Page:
We went up to Baltimore with friends of ours. While Kathy, Marie Esther and her 5-year-old daughter hit the Baltimore Aquarium, Peter and I went to a great beer bar in town, one I've gone to several times as it's possibly the best in the area (and it's only ~45 minutes away). With Kathy not drinking, it would be nice to have someone to drink with (and to share beers with), plus there were college basketball conference tournament games on TV. Knowing that time at the aquarium would probably exceed the amount of time we'd want to drink, Peter and I killed a bit of time by stopping at a beer store on the way up -- it had a new beer from Colorado that's receiving all sorts of raves over at RateBeer.

But we did get to the bar (it was a beautiful day, just the sort to spend outdoors rather than in a dark bar, but hey -- plans are plans). We each started off with a mild pint, followed by sharing four fairly strong pints. And that would be the normal stopping point. But the women were still at the Aquarium, and there I was, a kid in a candy store, so I decided to get a 750ml bottle of a Belgian beer for us to share, one that I discovered was 9.5% ABV. And after that was consumed, they still weren't ready, and there was another Belgian 750ml bottle (8%) calling my name and which we consumed. So by my rough calculations, Peter and I each drank the equivalent of a 12-pack of standard (4.5% ABV) beer. Thus, by the end of those roughly four hours of drinking, I was drunk. In the afternoon.

Kathy wasn't happy. And she was even less happy when I went to sleep right after dinner, at 7:30. She was pretty beat herself from walking around the Aquarium all day despite feeling worn down by the demands the fetus is placing on her body. Fortunately, she loves me and after a mild chewing out this morning, has forgiven me, probably remembering that she on occasion has had too much to drink herself. Nevertheless, I know she's under a lot of stress, and by my actions I put her under more. Mea culpa.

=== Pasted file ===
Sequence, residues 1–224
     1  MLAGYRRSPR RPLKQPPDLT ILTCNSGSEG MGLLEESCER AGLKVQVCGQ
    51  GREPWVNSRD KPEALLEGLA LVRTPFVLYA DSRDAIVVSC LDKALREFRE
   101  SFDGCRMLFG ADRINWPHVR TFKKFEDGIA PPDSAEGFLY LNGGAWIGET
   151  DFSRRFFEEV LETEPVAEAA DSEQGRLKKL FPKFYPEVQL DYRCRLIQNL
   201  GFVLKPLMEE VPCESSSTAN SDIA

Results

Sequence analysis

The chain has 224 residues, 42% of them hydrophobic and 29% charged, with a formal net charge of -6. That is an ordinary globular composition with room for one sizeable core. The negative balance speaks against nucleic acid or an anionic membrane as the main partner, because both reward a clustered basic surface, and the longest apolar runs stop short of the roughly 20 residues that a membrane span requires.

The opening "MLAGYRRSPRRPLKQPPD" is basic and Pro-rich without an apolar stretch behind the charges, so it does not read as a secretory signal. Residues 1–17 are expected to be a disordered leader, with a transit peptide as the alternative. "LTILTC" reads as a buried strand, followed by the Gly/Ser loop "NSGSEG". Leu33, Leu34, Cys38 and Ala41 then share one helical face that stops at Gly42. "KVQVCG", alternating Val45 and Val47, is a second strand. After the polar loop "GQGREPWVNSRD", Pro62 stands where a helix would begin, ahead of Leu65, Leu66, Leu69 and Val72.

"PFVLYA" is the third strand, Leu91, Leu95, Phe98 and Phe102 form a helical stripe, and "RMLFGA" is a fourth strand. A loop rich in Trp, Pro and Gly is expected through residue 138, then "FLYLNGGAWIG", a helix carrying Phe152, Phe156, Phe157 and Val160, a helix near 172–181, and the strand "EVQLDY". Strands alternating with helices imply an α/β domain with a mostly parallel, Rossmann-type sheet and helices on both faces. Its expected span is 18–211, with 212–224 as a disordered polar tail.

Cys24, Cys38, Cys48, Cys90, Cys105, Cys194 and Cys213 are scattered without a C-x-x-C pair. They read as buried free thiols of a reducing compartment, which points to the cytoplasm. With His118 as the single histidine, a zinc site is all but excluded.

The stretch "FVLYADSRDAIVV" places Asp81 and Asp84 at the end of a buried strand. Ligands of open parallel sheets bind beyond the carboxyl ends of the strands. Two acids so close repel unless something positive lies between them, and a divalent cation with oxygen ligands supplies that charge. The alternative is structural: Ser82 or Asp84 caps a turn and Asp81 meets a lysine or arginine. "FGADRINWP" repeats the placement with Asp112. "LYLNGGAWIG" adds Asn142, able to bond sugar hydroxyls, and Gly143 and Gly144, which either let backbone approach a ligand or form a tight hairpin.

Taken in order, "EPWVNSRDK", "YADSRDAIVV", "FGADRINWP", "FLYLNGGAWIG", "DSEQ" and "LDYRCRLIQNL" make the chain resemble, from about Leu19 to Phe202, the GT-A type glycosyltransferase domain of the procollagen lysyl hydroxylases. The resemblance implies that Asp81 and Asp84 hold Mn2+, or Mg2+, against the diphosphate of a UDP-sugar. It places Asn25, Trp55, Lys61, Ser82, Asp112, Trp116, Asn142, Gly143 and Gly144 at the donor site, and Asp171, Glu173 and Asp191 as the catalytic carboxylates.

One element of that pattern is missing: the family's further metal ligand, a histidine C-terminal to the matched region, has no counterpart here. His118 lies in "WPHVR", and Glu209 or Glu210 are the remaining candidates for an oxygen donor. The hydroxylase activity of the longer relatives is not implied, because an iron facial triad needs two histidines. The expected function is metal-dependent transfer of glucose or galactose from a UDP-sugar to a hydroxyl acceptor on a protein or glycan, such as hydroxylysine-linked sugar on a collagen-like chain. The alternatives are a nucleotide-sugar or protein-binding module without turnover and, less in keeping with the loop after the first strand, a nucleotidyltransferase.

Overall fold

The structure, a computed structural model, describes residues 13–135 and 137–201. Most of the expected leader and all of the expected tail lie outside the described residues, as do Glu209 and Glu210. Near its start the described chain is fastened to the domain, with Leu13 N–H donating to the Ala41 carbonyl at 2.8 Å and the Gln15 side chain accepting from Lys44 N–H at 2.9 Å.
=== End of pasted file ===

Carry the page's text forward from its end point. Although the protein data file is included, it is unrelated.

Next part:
Thursday, March 09, 2006

Pissing in the Wind

I usually resist the urge to respond when I come across a sportswriter's column that gets me riled up, lest I end up writing several letters a day. However, every once in a great while the urge to respond gets the better of me. This article was written in the context of a forthcoming book chronicling a mountain of evidence that's supposed to be sufficient to convince any neutral observer that Barry Bonds took steroids deliberately and in massive quantities, thereby tainting his achievements, including his home run total and his record 73-homer season. The author suggests that records achieved using steroids are no less worthy of distinction than are records achieved by Babe Ruth during the era that blacks were excluded from Major League Baseball (during which time Josh Gibson was the best Negro League slugger).
Mr. Jones,
In your recent article you stated, "When Bonds hits 715, it shouldn't be received as making a mockery of a virtuous past. Unless you -- yes, you -- find steroids more intolerable than segregation, that is."

Most people would find it absurd to even suggest that segregation is more acceptable than steroids, but it seems equally absurd to suggest that Bonds and Ruth consequently should be placed on equal footing. Ruth played within the rules of the game as it was played at that time. One can argue that Josh Gibson should be mentioned in the same breath as Ruth, or even ahead of him if you'd rather (as you note, Negro League statistics aren't as verifiable as Ruth's), but it makes no more sense to hold Ruth accountable for the fact that they weren't allowed to compete head-to-head a la McGwire and Sosa as it would be to hold Gibson accountable. Each did the best they could given the competition they faced.

If you're going to denigrate Ruth's accomplishments as you do here, are you ready to do the same for Jesse Owens' accomplishments in the Olympics because professional athletes weren't allowed to compete, or because most of Africa (except for Apartheid-era South Africa) didn't send athletes to the Olympics?

Ruth played within the parameters of the game, and Bonds cheated -- there is no comparison.


I'll let you know if I get a response (though I'm not really expecting one).

Wednesday, March 08, 2006

Second Verse, Unlike the First

February 22. The flowers I sent had a short note -- "Whatever will be, will be good." She gave me the news a couple of hours after she received the flowers, and indeed it was good. But my reaction was less than positive. I'm both happy and terrified, the recent past a reminder not to get too comfortable with such news. She on the other hand is totally in sync with my note's message, happy as can be and figuring that if the news turns sour later, she can deal with it then. All I want to do is try to take it one day at a time, even as my mind races ahead several months. I will try to be happy with Kathy even in the presence of my fears, and I can accept well wishes to some extent. But I don't want to hear "congratulations," because there's nothing to be congratulated on, yet.